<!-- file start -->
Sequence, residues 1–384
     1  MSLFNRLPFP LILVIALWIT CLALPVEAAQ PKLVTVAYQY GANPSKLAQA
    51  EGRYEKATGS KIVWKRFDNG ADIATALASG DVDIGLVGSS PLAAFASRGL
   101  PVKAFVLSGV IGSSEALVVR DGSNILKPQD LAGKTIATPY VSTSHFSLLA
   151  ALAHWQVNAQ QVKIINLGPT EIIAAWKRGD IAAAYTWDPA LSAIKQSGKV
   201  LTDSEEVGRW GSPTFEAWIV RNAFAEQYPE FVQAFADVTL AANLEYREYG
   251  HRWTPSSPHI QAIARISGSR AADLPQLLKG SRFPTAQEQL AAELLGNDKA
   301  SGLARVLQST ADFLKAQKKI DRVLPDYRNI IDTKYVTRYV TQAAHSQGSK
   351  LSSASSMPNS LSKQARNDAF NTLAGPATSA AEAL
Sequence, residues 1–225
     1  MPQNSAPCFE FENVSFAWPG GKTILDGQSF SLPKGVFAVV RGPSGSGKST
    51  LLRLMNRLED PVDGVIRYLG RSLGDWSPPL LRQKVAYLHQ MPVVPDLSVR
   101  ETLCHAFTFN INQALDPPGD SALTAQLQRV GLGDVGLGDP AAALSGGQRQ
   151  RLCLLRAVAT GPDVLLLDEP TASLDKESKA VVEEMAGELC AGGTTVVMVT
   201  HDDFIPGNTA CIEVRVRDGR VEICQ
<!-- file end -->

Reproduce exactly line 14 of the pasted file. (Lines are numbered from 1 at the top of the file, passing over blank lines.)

   151  RLCLLRAVAT GPDVLLLDEP TASLDKESKA VVEEMAGELC AGGTTVVMVT